With the banks closed for almost two weeks and Greece’s position in the eurozone the subject of heated debate and endless negotiations for the past several months, we wondered how some of our favorite restaurants were coping. Greeks had voted NO to austerity the previous Sunday (July 5), but did this mean they were spending their spare cash on staples for harder times and going out only to take part in demonstrations or stand in ATM queues?
To take the pulse of the situation, we went to the heart of the food district on the evening of Friday, July 10, starting at Agia Irini Square, where three of the places CB has covered stand within a few blocks of each other. Although it was only 6 p.m., early for dinner, a surprising number of tables were occupied at both Manas Kouzina Kouzina and Mama Roux. With the owner at Manas absent, we had a quick word with Vassilis, the waiter in charge.
“We’re doing okay. People still come out to eat, to drink. Perhaps they’re a bit more restrained than in the past. But we haven’t had to fire anyone so far. Let’s wait and see what happens on Sunday” [when the Eurogroup was going to meet to decide whether Greece’s fate lay in or outside the eurozone].
While waiting for Mama Roux’s owner to finish up some business, we snatched an even quicker word with the guys at Falafellas, the falafel takeout joint on the other side of Aiolou Street. The line, which can stretch around the block, consisted of a mere three to four people, but customers kept coming. Said one of the cooks as he folded a big pita around a luscious looking filling, “No, the crisis hasn’t hit us at all. If we have shorter lines, it’s because of the heat.” At €2.50 for a pocket-sized falafel, €3.50 for a giant one, there’s every reason why they’ll be even more popular in the future.
John Higgins gave us a more nuanced view of how the ongoing epic drama has affected Mama Roux, where Jimmy Smith’s organ renditions of blues and jazz were creating a NOLA atmosphere and happy hour cocktails were on offer at €5 apiece, along with two beers for the price of one.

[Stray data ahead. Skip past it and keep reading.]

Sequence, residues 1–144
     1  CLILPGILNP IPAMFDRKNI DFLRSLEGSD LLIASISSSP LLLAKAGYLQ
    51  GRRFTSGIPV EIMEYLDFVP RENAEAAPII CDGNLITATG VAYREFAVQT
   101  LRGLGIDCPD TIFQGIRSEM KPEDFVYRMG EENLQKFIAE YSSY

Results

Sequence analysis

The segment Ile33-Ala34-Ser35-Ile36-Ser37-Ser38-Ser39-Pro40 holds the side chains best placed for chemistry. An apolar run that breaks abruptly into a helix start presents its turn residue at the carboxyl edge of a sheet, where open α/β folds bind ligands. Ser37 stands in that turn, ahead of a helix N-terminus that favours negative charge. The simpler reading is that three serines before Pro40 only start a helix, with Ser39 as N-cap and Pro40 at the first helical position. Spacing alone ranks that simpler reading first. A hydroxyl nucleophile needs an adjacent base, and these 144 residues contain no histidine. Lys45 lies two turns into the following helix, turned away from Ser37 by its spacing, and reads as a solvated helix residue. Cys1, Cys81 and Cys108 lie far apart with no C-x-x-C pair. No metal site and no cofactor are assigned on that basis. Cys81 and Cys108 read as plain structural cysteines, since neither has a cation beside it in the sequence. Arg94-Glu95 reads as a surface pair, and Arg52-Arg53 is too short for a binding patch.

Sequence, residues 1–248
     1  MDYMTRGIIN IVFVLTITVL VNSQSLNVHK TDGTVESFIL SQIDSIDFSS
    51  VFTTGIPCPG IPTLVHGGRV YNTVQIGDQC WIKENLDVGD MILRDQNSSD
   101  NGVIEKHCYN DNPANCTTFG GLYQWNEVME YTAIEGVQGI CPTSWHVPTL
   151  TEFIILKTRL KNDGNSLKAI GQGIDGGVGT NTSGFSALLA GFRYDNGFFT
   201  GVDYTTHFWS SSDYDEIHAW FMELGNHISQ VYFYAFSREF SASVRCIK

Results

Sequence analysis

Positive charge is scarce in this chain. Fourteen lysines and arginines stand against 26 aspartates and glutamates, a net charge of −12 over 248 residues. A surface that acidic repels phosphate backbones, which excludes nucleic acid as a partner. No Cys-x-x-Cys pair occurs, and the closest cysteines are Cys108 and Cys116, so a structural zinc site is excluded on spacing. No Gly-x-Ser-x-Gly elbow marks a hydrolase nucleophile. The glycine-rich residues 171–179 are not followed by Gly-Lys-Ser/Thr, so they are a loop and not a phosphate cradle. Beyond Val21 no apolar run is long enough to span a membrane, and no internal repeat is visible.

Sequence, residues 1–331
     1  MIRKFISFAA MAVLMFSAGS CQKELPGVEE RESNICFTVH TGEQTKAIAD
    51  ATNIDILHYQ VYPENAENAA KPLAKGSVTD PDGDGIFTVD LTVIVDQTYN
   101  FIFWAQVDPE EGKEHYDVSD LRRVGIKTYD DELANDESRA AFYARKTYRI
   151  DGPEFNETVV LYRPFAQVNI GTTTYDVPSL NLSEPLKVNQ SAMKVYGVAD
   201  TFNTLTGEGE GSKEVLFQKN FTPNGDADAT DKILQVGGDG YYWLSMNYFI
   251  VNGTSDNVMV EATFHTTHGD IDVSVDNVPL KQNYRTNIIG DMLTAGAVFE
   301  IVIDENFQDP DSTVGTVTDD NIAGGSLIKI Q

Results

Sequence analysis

“We were managing well enough until the referendum was called. Then the banks shut and things went precipitously downhill. The market’s been very moody. Our sales follow the news and the swings between optimism and pessimism, but they’re mysterious and unpredictable. Sometimes the place is empty because of a rally; the next night it might be full even though there’s another one.
“Everyone here is hugely affected by the prospect of Grexit, and the possibility that we might have to close is very chilling. We tend to sublimate by becoming numb, but we’re all exhausted by this roller coaster of extreme ups and downs, and when I get home I find myself wanting to play nothing but gospel songs on the piano. They’re so full of the pain of life and redemption, about processing both pain and hope, and rising above it all.
“You ask about supplies. No problems as yet, but this depression has revealed just how expensive Greek products are as opposed to imported. And a shockingly small amount of food is actually produced here. In any case, we’ll close in August for two to three weeks and hope for the best. The whole crisis has been corrosive, but these last two weeks have been the coup de grace.”
Around 8 p.m., we took our leave and headed for Evripidou Street and the delicatessen/restaurant Ta Karamanlidika tou Fani. We’d gone to a street party in May in celebration of their first anniversary, where crowds nibbled sausages and pastourma, downed plastic cups of wine or beer and danced in the street to live music. After Fanis Arapian launched the eatery on the corner opposite his family’s tiny but well-stocked shop specializing in preserved meats and cheeses from Northern Greece, it quickly became one of the most popular places in the food district, crowded day and night.